Consider Joe Saba and Stewart Winter, co-owners ofVideoHelper, a successful New York City business that provides music for TV and film productions. When we spoke in their high-tech studio, the partners had recently plowed through 400 applications to fill one full-time composer slot. They devote considerable time and resources to their hiring process, which they described as “brutal and stringent.”

Saba and Winter started by whittling the initial herd down to 10 finalists, whom they subjected to a series of increasingly intense interviews and tests. These probed not just technical ability but also the way each candidate handled criticism, praise and pressure.

This work pays off: VideoHelper enjoys a 95% talent retention rate, and most employees have been with the company for at least seven years.

Few entrepreneurs reach this high standard of psychosocial savvy. I briefly consulted with Bert, as I’ll call him, a guy who tended to make tone-deaf staffing decisions. Bert’s hiring credo was something like “Trust no one, and only hire people you trust.” Unsurprisingly, he had a lot of trouble keeping help.

Bert’s chronic mistrust was understandable, given his traumatic childhood with an abusive father. After just a few sessions, however, he suddenly decided that he couldn’t trust me either. In a flash I fell victim to the very dynamic I’d been engaged to cure.

Like anybody who has ever been fired, I pondered what had happened and what could have gone differently. Based on my own experience and that of my clients, here are some tips that will bolster your hiring chops.

Study the Past. History holds important clues to your relationship patterns. Analyze recent hires/fires for information about your hiring predilections.

Don’t Get All Testy. Personality tests have their place, but they can’t capture inflection, gestures or other nuances of communication. Nonverbal cues can be more meaningful than what’s said.

Do Your Homework. Avoid “going with your gut.” Instinct has limited utility in the hiring arena.

Follow Through. Hiring employees is only the beginning: It takes time, attention and, most important, good communication to retain quality employees. It’s crucial to monitor your reactions to frustration, disappointment and other interpersonal dynamics.

Bottom Line. The more you understand about yourself and the underlying forces that pull you toward or away from somebody, the better equipped you’ll be to make sensible hiring decisions.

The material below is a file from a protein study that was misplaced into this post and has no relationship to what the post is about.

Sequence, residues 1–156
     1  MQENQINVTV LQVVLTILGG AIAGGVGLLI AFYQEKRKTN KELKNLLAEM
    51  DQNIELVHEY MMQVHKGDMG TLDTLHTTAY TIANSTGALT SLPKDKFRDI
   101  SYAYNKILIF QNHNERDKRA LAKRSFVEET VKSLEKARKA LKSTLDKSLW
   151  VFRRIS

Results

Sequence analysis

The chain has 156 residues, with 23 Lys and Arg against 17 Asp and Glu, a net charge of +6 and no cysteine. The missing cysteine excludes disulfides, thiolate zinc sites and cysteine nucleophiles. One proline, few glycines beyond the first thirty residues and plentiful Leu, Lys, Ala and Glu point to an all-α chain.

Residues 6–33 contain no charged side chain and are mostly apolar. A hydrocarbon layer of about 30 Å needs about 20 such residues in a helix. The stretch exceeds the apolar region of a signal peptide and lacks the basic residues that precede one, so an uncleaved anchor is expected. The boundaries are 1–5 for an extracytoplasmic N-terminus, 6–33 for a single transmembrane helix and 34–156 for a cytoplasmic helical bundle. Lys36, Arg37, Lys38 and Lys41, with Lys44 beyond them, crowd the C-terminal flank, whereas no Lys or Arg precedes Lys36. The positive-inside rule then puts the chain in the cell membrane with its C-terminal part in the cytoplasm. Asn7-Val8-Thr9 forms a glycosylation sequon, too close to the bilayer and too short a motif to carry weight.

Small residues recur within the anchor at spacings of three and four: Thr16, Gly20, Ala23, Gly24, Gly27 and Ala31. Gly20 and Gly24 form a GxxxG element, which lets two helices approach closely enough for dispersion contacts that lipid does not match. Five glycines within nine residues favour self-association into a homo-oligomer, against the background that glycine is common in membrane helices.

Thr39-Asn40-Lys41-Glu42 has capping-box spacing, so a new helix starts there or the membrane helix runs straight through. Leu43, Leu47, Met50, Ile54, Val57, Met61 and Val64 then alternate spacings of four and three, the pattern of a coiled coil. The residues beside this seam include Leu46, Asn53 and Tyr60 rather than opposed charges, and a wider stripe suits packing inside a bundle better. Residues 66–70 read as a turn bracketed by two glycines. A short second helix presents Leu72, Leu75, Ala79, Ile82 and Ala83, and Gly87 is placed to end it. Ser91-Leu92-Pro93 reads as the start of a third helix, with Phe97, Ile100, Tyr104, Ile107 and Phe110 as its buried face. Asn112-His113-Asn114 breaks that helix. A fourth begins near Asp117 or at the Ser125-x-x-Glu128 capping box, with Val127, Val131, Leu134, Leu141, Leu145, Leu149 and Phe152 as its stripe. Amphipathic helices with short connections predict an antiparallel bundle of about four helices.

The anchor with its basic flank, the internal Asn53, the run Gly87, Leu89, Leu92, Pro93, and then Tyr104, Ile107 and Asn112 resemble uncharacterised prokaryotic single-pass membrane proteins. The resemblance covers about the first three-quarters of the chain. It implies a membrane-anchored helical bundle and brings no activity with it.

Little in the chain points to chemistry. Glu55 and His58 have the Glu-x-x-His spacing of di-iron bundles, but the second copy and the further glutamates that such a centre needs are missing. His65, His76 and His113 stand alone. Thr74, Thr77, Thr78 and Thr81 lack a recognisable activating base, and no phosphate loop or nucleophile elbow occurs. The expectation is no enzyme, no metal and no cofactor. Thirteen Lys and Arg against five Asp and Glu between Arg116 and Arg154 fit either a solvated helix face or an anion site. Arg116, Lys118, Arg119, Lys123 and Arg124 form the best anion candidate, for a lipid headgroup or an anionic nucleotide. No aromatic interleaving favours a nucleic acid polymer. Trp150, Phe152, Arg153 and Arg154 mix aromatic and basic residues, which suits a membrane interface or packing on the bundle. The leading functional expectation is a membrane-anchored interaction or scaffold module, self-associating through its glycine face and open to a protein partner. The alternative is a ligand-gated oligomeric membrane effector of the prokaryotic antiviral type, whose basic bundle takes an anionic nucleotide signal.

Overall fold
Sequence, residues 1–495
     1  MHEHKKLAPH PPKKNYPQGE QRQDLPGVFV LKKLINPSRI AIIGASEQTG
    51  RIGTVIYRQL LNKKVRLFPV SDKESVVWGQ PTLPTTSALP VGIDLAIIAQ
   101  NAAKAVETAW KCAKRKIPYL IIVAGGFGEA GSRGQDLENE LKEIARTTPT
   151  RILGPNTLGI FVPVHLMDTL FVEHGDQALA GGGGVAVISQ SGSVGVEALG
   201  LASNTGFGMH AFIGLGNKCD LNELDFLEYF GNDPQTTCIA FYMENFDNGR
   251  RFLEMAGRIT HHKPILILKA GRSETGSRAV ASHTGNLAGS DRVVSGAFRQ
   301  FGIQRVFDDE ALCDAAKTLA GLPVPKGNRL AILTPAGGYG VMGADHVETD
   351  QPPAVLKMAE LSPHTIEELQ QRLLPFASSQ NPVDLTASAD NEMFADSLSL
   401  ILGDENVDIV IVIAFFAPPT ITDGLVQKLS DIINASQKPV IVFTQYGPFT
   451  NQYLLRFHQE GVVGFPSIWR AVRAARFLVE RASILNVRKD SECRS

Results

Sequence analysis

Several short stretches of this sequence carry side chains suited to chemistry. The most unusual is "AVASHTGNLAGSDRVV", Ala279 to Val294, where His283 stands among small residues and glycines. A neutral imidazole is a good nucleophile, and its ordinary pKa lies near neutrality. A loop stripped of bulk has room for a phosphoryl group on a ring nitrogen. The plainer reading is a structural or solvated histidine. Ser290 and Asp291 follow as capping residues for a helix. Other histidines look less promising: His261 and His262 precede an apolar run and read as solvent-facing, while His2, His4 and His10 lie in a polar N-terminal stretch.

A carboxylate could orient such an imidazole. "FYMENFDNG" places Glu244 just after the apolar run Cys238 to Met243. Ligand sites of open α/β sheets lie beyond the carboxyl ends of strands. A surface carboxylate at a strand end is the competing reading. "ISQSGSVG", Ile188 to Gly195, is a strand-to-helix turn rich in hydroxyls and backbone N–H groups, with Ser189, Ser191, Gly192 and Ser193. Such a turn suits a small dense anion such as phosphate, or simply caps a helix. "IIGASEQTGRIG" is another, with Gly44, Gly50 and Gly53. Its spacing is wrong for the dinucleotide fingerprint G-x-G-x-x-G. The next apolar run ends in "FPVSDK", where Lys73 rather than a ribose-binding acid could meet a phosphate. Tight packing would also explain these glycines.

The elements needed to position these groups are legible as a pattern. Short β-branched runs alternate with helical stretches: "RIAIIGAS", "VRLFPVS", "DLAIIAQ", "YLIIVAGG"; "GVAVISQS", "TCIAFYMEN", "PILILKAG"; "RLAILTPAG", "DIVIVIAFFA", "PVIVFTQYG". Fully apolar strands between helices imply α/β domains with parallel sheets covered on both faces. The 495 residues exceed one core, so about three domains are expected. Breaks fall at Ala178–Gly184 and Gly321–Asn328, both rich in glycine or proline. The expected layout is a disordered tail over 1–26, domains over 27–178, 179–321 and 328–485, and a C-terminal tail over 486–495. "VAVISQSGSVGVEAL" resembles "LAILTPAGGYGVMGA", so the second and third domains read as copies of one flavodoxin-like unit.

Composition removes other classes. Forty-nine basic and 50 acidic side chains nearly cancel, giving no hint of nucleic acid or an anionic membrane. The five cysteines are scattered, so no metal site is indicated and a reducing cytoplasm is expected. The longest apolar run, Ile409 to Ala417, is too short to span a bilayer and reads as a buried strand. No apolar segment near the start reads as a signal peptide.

Alexander Stein, Ph.D., is a business psychoanalyst in New York City and a principal in the Boswell Group and Triad Consulting.

Starting a business in a recession

(Fortune Small Business) – Would you consider launching or growing a business in the midst of the Great Recession?

Some would applaud your courage; others might think you had a few loose screws. And yet economic downturns have often been fertile ground for innovation and entrepreneurship. More than half the companies on the 2009 Fortune 500 list were launched during downturns, according to recent research by the Kauffman Foundation.

Economists offer many reasons for this phenomenon: Corporate layoffs release entrepreneurial talent, the decline of old industries creates opportunities in new ones, and so on. Still, recessionary entrepreneurship is not an easy game. What does it take, psychologically, to pull it off?

Jim Kremens, 42, runs a New York City-based software startup called Fhtml. His product, Fluid HTML, is a Web markup language designed to be an alternative to standard Flash animation. He plans to exit stealth mode this fall. Although Kremens has secured buzz, startup capital and encouraging responses from top-tier companies, Fhtml’s success is not assured, especially in this brutal economy.

“I’ve been working on this project for a long time,” he told me recently. “It evolved into something very real and more powerful than I originally thought. Entrepreneurs like me have to think we’ve got some kind of game changer. That belief, valid or not, drives innovation.”

The impulse toward distinction and accomplishment is very powerful (although its psychological sources are different for everybody). Under the right circumstances it can help entrepreneurs turn inspiration into reality.

If it were that simple, mind you, Edisons and Bells would be a dime a dozen. “This is a high-risk endeavor,” Kremens says. “It’s frightening to come home to my kids and wonder what I’ll do if this doesn’t work.”

Yet Kremens finds the challenge energizing. Why? Like other pioneering entrepreneurs, he combines ambition, optimism, fortitude, resilience and confidence. At the other end of the spectrum, however, you find entrepreneurs whose personalities prevent them from capitalizing on the opportunities that all economic crises create.

Paul F., 37, owns several high-end fitness centers in the Baltimore-Washington area. (I’ve changed his name and other identifying details here.) Paul was looking to add locations, as prime real estate was plentiful and affordable and construction costs were low. But his customers – mostly white-collar professionals — were cutting back or searching for work. If he built, would they come? Paul couldn’t make up his mind, and as a result his expansion plans were going nowhere.